As far as the turkey fryer idea, and some ideas that others have said, does it make a big difference if the pot is aluminum. I have heard some say that you should only use stainless steel. Others say that the cheaper pots are too thin, and can risk burning the wort. Any thoughts from those who use aluminum?
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Old 03-31-2012, 01:09 PM   #1316
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Well, after searching around a little more, I found the answer to my own question about aluminum vs. stainless steel in one of the other forum thread with the clever title of "Aluminium vs Stainless Steel Brew kettles." I actually just ordered a 32 quart stainless pot last night. It should be here in time to brew next weekend. Now I can adjust my recipe back to AG.

From what I am reading, it seems like you can mash in a couple of different pots (i.e. 2 gal. and 3 gal.) then combine both with the sparge water in the 8 gal. pot. Is that correct? Also, if I need to split the mash up, should I mix all of the grains first so they are evenly distributed in both mashes? That would help the efficiency be consistent right?
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Old 03-31-2012, 01:50 PM   #1317
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Quote:
Originally Posted by BuffaloBeer1 View Post
Well, after searching around a little more, I found the answer to my own question about aluminum vs. stainless steel in one of the other forum thread with the clever title of "Aluminium vs Stainless Steel Brew kettles." I actually just ordered a 32 quart stainless pot last night. It should be here in time to brew next weekend. Now I can adjust my recipe back to AG.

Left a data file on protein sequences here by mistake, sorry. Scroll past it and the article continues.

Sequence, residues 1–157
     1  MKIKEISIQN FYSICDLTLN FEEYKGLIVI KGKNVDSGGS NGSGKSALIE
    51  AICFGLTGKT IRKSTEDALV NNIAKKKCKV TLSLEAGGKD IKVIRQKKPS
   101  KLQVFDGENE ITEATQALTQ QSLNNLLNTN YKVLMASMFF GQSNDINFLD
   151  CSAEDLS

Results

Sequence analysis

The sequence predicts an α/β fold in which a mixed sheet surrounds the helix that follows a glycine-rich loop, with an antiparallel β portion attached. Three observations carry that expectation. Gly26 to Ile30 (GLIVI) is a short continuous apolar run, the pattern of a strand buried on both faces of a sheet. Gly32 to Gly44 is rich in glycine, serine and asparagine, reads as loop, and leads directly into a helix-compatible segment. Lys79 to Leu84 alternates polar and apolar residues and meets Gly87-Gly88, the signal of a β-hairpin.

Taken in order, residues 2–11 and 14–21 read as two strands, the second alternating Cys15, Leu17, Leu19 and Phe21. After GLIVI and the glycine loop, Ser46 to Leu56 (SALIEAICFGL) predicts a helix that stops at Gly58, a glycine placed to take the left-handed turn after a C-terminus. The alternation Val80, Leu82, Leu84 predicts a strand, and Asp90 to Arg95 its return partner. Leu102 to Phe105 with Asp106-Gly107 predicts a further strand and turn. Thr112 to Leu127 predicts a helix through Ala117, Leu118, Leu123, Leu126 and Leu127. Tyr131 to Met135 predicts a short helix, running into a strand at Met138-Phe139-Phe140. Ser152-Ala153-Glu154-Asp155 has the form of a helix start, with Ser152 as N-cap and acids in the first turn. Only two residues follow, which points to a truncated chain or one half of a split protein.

The true controversy is cost. No one says aluminum is better... just that it might be just as good. If money was not an object, everyone would use stainless, I believe.

Quote:
From what I am reading, it seems like you can mash in a couple of different pots (i.e. 2 gal. and 3 gal.) then combine both with the sparge water in the 8 gal. pot. Is that correct?
You can do this. Is it a good idea? I dunno. Pouring hot water can be messy and risky. At least it's only at mash temps, though, and not boiling, so maybe it would be alright... but still. I'd try to think of a better way.

Quote:
Also, if I need to split the mash up, should I mix all of the grains first so they are evenly distributed in both mashes? That would help the efficiency be consistent right?
Just make sure both have enough of the 2-row so they have converting enzyme. If you are using sour grain, also make sure that is in both kettles to manage the pH. After my grain is milled at the LHBS, they put it all into one bag and then it gets shaken around a bit, so it's pretty well mixed for me just going through that. If I were to be mashing in more than one pot, though, I personally would try to make sure the grain was well-mixed, but I wouldn't think it was strictly necessary.

You might know this already, but mashing in multiple vessels is usually done for something called a "decoction", and there are plenty of threads on that if you do a search.
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Old 04-01-2012, 04:28 AM   #1318
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Brewing my first minimash tomorrow and plan on using this method. I will let you know how it goes for me, but looks great.
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Old 04-07-2012, 01:00 AM   #1319
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DB, thanks for your help. IPA II came out nice, got my estimated OG!! Great thread.
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Old 04-08-2012, 06:21 PM   #1320
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or you could use an icy salt water bath...